On November 3 1760, the regiment took part in the Battle of Torgau where it scattered 2 Austrian infantry regiments (Puebla and Wied), and captured a corps of grenadiers and 6 cannon. Over half the regiment were casualties. Each squadron commander was rewarded with the Pour-le-Merite and 500 Thalers.
In 1761, the regiment was at the camp of Bunzelwitz.
In 1762, the regiment was reinforced to 1,000 men. On August 16, it took part in the Battle of Reichenbach.
|Headgear||black tricorne (no lace) with a black cockade fastened with a small yellow button and dark orange (green as per Hohrath) pompoms
N.B.: for combat, the tricorne was reinforced with an iron cap
|Coat||off-white trimmed with the regimental lace (white braid bordered with two wide orange stripes)
|Waistcoat||dark orange trimmed with the regimental lace|
|Breeches||white (buff leather in campaign)|
Troopers were armed with a heavy straight-bladed sword, a pair of pistols and a musket. They wore a blackened breastplate edged dark orange and fastened by leather straps. The musket strap was white edged with the regimental lace.
The NCOs wore the same uniform as the privates with the following exceptions:
- black within white pompoms in the lateral "cornes" of the tricorne
- golden lace to the top and back of the cuffs
The officers wore the same uniform as the troopers with the following exceptions:
- black tricorne (no lace) with a black cockade fastened with a golden strap and a small yellow button and black within silver pompoms
- golden regimental lace
- breastplate edged in gilt metal with straps covered in gilt plates; gilt crowned Prussian crest in trophies of arms on the top centre of the breastplate
- silver and black silk waist sash
- silver and black sword strap
- saddle furniture ornately ornamented and fringed in gold
N.B.: golden embroidered buttonholes and a golden aiguillette on the right shoulder decorated the full dress uniform but were not present on the service uniform.
Musicians wore the same uniform as the privates with the following exceptions:
- black tricorne bordered with dark orange feathers and one black within white pompom in each lateral corne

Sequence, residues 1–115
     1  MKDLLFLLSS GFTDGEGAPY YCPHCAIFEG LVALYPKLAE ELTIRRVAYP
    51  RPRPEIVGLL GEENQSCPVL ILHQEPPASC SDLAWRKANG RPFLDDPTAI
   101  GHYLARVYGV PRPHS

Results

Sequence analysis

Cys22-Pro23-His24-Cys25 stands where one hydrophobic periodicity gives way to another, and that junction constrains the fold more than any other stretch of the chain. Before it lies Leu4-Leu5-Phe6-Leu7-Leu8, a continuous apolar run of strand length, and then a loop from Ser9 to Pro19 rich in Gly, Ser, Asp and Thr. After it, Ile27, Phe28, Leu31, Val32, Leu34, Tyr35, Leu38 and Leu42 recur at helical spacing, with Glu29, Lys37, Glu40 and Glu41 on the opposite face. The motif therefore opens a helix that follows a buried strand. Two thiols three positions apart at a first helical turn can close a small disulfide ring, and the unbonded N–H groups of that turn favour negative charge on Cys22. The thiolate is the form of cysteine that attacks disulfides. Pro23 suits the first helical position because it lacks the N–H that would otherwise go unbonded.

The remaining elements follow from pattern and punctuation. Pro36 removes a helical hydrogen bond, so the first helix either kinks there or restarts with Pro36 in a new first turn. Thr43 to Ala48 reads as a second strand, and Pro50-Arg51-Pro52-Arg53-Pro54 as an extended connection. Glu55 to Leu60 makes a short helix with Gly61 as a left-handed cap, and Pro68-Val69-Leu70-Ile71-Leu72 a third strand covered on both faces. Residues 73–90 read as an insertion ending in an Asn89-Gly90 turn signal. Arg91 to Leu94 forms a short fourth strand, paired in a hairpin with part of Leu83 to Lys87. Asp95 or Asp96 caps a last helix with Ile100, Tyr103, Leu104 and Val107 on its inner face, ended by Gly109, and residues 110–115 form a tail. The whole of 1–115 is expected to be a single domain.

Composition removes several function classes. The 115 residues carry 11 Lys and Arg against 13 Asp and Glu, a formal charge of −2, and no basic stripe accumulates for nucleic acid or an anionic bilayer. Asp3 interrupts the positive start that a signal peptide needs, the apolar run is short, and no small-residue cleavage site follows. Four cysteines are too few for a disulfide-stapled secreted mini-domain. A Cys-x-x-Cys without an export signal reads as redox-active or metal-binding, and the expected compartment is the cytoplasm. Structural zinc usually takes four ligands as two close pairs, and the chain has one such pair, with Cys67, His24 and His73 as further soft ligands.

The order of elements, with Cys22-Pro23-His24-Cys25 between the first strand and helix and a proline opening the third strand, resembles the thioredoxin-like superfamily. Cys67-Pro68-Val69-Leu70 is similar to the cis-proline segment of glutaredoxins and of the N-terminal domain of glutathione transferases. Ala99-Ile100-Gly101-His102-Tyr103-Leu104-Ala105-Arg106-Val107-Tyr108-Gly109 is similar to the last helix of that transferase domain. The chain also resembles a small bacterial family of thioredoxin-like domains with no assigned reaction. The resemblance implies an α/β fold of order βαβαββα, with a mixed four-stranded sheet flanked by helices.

- a lace specific to the musicians bordering the collar, cuffs, coat edges and decorating the shoulders and sleeves
- hanging sleeves bordered with the musician lace
The musician laces consisted of a central buff stripe bordered on each side by alternating dark orange and orange squares.
Musicians did not wear breastplate.
The square standards were made of damask. The cords and tassels were silver and black. The pole of the standard was a buff tournament lance reinforced with iron hinges and gold finial.
The standard bearers had dark orange standard bandoliers, edged and fringed in gold.
The regiment carried standards of the old “FWR” and new “FR” patterns. Here we illustrate old pattern standards.
|Colonel Standard (Leibstandarte): white field, fringed gold with a buff central medallion surrounded by a crowned laurel wreath and decorated with a crowned black eagle flying toward a golden sun surmounted by a white scroll laced gold bearing the golden motto "Non Soli Cedit". Decoration in each corner (crowns, laurel wreaths and “FWR” ciphers on a white medallion).||Squadron Standard (Eskadronstandarte): buff field, fringed gold with a white central medallion surrounded by a crowned laurel wreath and decorated with a crowned black eagle flying toward a golden sun surmounted by a buff scroll laced gold bearing the golden motto "Non Soli Cedit". Decoration in each corner (crowns, laurel wreaths and “FWR” ciphers on a buff medallion).|
The 5 standards were lost at the capitulation of Pasewalk on October 29 1806.
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N.B.: the section Service during the War is mostly derived from our articles depicting the various campaigns, battles and sieges.
Digby Smith for the initial version of this article.